As of now, there is no blood test or any other diagnostic test available to diagnose food addiction. Diagnosis is based on behavioral symptoms, similar to how other addictions are determined. However, researchers from the Yale University have come up with a questionnaire that helps identify people who have food addictions. The questionnaire includes such types of questions, with the questions beginning with Do You:

  • Eat to the point you start feeling sick?
  • End up eating much more than what you intended to eat when you started eating a certain food item?
  • Keep eating specific foods even if you are no longer feeling hungry?
  • You go out of your way to obtain certain foods when they are not available?
  • You often feel guilty after having certain foods, but find yourself eating them again within a short span of time?
  • You find yourself making excuses in your head justifying why you should eat certain foods that you are craving?
  • You start hiding your excessive consumption of certain foods from other people?

If you answer positively to at most of these questions, then it is very likely that you have a serious problem with food addiction.

The questionnaire also asks questions about psychological withdrawal effects and whether or not you experience anxiety and agitation when you are forced to cut back or cut out certain foods.

Steps to Deal with Food Addiction

Here are some ways in which you can deal with food addiction:

Step-1: The first step is to take the Food Addiction Questionnaire developed by Yale University to find out whether your relationship with food is a healthy one or an unhealthy one.

Step-2: In order to deal with food addiction, it is necessary to develop a healthy relationship with food. Similar to other addiction recovery models, food addicts are also challenged to abstain from the foods that trigger their addiction in order to heal. An individual suffering from food addiction has to learn how to eat healthy again and establish a healthy relationship with food by following a certain diet plan.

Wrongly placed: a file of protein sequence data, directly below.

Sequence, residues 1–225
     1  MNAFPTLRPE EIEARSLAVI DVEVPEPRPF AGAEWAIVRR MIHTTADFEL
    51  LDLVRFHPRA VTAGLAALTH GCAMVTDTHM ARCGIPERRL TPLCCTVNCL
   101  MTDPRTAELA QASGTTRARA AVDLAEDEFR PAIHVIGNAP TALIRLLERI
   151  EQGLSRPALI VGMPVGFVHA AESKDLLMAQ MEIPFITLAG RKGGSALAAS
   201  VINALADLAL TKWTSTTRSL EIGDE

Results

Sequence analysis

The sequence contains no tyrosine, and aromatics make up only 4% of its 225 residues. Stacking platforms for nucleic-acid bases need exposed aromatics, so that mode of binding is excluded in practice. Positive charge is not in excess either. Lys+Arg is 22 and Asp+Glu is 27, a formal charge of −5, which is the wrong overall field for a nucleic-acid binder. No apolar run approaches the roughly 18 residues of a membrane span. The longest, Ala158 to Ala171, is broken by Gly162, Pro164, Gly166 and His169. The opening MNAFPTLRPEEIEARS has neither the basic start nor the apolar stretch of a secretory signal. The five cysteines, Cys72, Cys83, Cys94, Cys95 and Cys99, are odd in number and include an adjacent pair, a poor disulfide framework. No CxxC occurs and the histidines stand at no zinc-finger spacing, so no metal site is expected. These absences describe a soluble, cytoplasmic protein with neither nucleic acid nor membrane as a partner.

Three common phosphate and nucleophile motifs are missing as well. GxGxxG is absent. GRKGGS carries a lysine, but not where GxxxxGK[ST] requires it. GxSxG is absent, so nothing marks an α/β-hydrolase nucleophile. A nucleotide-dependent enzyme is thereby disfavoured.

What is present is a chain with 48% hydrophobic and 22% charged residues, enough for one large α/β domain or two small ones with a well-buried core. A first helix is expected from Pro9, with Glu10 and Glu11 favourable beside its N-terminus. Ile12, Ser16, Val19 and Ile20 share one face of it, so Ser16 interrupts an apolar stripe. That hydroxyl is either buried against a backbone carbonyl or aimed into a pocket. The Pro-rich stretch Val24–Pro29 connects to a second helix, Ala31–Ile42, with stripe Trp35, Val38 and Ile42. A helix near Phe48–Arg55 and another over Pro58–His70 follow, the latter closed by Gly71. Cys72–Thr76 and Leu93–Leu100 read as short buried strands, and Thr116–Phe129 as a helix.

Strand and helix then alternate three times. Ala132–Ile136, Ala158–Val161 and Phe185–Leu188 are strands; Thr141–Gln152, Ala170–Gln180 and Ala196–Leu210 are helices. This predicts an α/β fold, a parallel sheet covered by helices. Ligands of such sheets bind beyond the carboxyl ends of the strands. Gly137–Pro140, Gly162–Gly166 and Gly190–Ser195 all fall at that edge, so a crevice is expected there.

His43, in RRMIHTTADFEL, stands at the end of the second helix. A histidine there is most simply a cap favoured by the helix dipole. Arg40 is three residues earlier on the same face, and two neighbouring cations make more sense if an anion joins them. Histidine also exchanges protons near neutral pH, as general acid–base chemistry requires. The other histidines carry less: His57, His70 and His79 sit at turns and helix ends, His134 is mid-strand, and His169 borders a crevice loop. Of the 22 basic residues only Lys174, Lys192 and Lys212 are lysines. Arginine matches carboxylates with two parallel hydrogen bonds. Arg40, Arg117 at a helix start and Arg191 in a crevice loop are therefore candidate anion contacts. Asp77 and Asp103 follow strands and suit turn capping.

Step-3: When dealing with food addiction, you begin your strict diet plan and you will have to remove the triggers or unsafe foods from your diet and set certain boundaries. This will allow you to manage your diet in a healthier way and relearn how to eat healthy. For example, if you know that you like to binge on ice cream when under stress, then it is a good idea to not keep any in the house. You have to work towards eliminating the temptation of binge eating till the time you are able to resume eating ice cream in a balanced manner.

Step-4: Following a well-balanced and a structured meal plan helps a lot in dealing with food addiction. People who have an unhealthy relationship with food need to come back on the right path to recovery by following a structured meal plan to resume a normal eating pattern. This helps set safe boundaries with food and also helps you feel satisfied, thus eliminating the physiological need to eat more in spite of being full.

Step-5: Like any other type of addiction, dealing with food addiction also involves seeking professional help when needed. Recovering from any kind of addiction is no small feat. Beating food addiction will not happen overnight. It is recommended that you get the help of a dietitian and a therapist who specialize in eating disorders. Getting the help of professionals allows addicts to implement an appropriate strategy towards recovery and it will also instill a sense of accountability.

Conclusion

Food addiction can be a serious problem and you may need professional help to come out of your addiction and re-establish a healthy relationship with food. Research is ongoing on finding treatments and better understanding the condition of food addiction. While some argue that it is very complicated to recover from food addiction when compared to other types of addictions, others believe that like other addictions, food addicts can also recover by following a step by step recovery problem. There are also many programs available today that are designed to help people suffering from food addiction. Programs like Food Addicts in Recovery Anonymous have a 12-step recovery program that helps people addicted to not just food, but also alcohol, drugs, and gambling.

It is possible to recover from food addiction. By admitting that you have an unhealthy relationship with food, you can embark on the process of recovery.

Also Read:

Pramod Kerkar

Written, Edited or Reviewed By:

, MD,FFARCSI

Pain Assist Inc.

Last Modified On: September 7, 2018

This article does not provide medical advice. See disclaimer